Prime Minister Shinzo Abe goes to Washington next week to become the second world leader to meet new U.S. President Donald Trump. He would be well advised, as the old saying goes, to sup with a long spoon — meaning to keep a careful distance — from him.

Abe himself says he's looking forward to "a candid exchange of views on the economy and security issues as a whole." I hope he is not deluding himself into thinking that Trump is a "strong leader" with whom he can do business. He may, secretly, admire Trump's tough extreme vetting of immigrants, or hope that Russian President Vladimir Putin's emergence as Trump's new best buddy may give Japan hope of recovering the disputed islands off Hokkaido.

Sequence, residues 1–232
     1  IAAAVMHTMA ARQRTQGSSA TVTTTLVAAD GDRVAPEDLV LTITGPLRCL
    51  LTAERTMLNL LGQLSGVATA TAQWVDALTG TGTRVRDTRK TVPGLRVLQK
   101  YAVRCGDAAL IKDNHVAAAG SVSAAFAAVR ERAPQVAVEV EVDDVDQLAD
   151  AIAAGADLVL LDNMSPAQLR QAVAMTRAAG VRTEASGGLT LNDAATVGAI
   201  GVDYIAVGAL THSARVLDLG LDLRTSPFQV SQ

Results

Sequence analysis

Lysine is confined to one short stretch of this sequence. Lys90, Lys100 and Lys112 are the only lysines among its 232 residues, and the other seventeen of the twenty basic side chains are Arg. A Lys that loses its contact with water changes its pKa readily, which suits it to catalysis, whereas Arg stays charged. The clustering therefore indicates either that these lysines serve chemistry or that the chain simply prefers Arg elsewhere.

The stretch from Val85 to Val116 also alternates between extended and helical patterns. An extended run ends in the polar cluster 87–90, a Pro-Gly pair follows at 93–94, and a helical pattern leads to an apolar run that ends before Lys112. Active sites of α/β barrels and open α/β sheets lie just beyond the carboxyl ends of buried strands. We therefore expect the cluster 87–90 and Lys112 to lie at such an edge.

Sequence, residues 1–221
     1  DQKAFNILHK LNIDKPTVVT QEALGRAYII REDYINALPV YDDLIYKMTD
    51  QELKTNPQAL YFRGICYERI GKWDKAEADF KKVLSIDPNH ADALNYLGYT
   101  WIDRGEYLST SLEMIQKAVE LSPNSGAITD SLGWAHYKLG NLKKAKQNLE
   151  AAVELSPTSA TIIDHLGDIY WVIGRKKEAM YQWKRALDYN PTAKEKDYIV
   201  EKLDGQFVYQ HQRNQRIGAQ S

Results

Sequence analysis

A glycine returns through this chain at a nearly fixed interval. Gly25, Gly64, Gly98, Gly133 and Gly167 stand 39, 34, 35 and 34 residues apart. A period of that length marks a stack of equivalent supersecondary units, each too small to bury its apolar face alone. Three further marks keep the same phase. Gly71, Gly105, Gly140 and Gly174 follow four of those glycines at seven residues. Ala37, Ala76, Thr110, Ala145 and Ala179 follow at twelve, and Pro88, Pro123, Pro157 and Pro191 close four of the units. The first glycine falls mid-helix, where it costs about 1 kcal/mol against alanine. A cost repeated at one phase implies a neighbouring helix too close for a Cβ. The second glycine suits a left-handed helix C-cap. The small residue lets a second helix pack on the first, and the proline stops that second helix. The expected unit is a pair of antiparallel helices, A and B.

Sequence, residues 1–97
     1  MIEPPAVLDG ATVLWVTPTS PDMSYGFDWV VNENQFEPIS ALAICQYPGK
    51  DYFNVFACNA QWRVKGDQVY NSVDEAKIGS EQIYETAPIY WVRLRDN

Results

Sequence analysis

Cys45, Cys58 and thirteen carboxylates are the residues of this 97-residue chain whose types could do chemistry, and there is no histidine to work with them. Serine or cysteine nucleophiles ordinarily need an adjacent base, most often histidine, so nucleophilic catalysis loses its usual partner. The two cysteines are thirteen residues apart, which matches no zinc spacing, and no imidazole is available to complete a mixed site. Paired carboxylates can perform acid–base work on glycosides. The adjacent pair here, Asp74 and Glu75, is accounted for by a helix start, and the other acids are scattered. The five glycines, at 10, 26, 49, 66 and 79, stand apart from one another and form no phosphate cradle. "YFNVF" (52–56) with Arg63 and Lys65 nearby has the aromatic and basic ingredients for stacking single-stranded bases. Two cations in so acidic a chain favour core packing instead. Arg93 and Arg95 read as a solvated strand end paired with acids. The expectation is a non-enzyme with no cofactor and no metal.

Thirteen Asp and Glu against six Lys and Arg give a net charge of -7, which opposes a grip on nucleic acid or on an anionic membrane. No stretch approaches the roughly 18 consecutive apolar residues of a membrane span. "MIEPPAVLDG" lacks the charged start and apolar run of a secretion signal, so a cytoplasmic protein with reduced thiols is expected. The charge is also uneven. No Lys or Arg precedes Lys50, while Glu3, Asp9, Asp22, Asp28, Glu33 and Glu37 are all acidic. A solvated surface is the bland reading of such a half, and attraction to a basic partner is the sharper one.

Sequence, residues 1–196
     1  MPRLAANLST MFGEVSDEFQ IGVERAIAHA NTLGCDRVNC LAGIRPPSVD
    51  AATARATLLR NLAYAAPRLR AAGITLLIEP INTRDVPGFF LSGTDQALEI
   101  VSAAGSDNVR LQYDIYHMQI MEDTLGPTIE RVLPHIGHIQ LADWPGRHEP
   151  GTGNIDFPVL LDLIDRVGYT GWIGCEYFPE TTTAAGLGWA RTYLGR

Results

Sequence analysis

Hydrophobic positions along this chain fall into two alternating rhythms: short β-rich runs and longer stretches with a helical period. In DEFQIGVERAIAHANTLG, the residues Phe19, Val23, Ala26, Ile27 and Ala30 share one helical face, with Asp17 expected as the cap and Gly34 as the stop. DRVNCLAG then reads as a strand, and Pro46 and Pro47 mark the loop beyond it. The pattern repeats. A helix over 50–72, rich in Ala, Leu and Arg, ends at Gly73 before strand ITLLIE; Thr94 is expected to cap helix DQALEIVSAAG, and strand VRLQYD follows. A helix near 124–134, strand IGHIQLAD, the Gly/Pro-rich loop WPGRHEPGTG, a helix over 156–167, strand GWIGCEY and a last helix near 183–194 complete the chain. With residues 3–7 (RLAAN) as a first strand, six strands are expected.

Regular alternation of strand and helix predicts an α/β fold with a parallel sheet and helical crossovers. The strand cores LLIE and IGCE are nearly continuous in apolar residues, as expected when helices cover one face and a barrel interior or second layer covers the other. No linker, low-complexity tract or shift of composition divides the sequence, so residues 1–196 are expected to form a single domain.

Dream on, Abe. Trump's rise to power represents economic, political and diplomatic, and geopolitical challenges for the rest of the world, in which Japan is highly vulnerable. Challenges always offer opportunities too, but I have grave doubts whether Abe is the man who can lead Japan to the sort of change needed to face a new world.